Public property which is not, by tradition or designation, a forum for public communication is governed by different standards. We have recognized that the “First Amendment does not guarantee access to property simply because it is owned or controlled by the government.” United States Postal Service v. Council of Greenburgh Civic Assns., supra, at 453 U. S. 129. In addition to time, place, and manner regulations, the State may reserve the forum for its intended purposes, communicative or otherwise, as long as the regulation on speech is reasonable and not an effort to suppress expression merely because public officials oppose the speaker’s view. 453 U.S. at 453 U. S. 131, n. 7. As we have stated on several occasions, ““[t]he State, no less than a private owner of property, has power to preserve the property under its control for the use to which it is lawfully dedicated.”‘” Id. at 453 U. S. 129-130, quoting Greer v. Spock, 424 U. S. 828, 424 U. S. 836 (1976), in turn quoting Adderley v. Florida, 385 U. S. 39, 385 U. S. 47 (1966).
An example of the government having a compelling interest can be found in Greer v. Spock referenced with respect to the constitutional duty of military bases to prepare civilians for a life in the military:
One of the very purposes for which the Constitution was ordained and established was to “provide for the common defence,” 8 and this Court over the years has on countless occasions recognized the special constitutional function of the military in our national life, a function both explicit and indispensable. 9 In short, it [424 U.S. 828, 838] is “the primary business of armies and navies to fight or be ready to fight wars should the occasion arise.” United States ex rel. Toth v. Quarles, 350 U.S. 11, 17 . And it is consequently the business of a military installation like Fort Dix to train soldiers, not to provide a public forum.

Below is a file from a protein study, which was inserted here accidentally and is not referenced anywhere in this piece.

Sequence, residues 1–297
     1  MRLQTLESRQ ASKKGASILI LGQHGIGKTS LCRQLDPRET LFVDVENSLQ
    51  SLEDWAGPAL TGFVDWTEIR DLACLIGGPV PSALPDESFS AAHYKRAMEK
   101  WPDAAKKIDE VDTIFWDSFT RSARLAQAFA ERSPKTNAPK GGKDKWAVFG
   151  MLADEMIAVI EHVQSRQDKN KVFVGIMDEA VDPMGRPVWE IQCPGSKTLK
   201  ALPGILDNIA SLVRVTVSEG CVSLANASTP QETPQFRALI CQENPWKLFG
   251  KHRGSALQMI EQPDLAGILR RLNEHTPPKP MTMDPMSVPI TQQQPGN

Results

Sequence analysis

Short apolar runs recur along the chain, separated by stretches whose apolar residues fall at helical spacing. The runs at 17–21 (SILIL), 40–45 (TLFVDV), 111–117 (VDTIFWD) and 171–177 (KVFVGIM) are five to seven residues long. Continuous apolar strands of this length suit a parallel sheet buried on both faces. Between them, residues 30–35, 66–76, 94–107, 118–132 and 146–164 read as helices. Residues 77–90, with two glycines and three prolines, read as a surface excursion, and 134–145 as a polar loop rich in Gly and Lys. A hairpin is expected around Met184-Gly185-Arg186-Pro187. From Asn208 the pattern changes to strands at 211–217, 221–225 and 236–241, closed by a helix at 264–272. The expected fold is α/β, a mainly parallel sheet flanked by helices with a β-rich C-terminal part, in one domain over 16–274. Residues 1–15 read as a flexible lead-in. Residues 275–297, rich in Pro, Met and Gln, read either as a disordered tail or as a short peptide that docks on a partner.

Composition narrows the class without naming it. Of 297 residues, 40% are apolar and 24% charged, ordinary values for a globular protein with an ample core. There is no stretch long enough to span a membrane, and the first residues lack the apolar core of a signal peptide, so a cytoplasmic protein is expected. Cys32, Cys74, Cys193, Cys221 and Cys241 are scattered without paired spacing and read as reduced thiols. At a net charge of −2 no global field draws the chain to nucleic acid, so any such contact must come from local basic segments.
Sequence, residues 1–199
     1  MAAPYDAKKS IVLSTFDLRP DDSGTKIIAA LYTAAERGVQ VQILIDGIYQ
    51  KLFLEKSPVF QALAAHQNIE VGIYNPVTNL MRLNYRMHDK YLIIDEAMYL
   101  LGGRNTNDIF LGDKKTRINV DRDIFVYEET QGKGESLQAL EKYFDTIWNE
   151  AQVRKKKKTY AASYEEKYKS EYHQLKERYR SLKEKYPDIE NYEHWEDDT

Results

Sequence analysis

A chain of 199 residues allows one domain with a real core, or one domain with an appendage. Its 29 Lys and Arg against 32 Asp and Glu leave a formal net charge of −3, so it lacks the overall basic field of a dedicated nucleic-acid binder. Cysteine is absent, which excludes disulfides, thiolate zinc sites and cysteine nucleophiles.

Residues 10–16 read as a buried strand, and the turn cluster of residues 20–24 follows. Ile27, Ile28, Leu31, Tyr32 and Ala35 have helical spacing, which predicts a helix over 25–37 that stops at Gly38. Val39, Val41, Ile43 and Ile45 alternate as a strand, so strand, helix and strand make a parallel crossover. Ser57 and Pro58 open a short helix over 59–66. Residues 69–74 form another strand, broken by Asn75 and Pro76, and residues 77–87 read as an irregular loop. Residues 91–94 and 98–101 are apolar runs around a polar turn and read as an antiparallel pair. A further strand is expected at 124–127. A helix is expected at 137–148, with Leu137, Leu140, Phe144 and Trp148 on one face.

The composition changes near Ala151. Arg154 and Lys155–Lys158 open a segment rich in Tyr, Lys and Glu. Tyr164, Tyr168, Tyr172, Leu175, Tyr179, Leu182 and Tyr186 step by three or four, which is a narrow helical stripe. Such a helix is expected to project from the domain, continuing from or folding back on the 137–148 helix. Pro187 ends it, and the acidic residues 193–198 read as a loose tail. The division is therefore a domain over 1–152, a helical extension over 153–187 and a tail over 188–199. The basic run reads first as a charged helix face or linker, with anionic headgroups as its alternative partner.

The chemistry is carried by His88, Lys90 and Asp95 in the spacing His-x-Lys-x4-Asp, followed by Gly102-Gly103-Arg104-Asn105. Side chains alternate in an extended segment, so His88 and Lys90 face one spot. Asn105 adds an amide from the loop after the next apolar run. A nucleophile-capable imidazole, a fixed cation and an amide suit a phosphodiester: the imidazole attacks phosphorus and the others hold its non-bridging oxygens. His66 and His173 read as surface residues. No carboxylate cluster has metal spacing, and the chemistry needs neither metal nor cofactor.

While there is a lengthy dissent in the ruling about how the petitioners wanted to distribute the literature in the section of the base that is open to civilians, not restricted by base policies, the majority opinion still discusses how the government has the power to designate areas for specific purposes, and regulate what content may appear in those areas.
As for the WMATA, its mission is to transport passengers along a designated route in the safest and most efficient way possible. Prohibiting controversial or provocative advertisements is a form of unreasonable suppression that bears no impact on their mission.
What kinds of advertisements could the WMATA ban?
Anything whose content falls outside of First Amendment protections, antithetical to the mission of the WMATA, posing a threat to the safety of riders even if the message is protected speech, and anything involving illegal activity. Assuming the ACLU prevails, everything else should be fair game.
What about the decorum of the WMATA?
It’s not the government’s job to ensure an environment of decorum palatable to everyone considering there’s no way to please everyone that would walk through. Their job is to protect life, liberty, and property while enforcing contracts, protecting the public from fraud and those that wish to take advantage of others, and providing for our military and those who have previously served.
While he was referring to Paul Cohen’s vest, Justice Harland said it best in Cohen v. California,
“Surely the State has no right to cleanse public debate to the point where it is grammatically palatable to the most squeamish among us.”
Everyone reading this article is offended by something, but that doesn’t mean that the public sphere needs to be accommodating except where required by law.
Since the central issue in the ACLU’s lawsuit is whether the WMATA can ban “ads or advertisers deemed controversial by agency officials,” I predict that the answer will be no, and that the policy will be struck down on the grounds of not passing the strict scrutiny test that all free speech cases are subject to.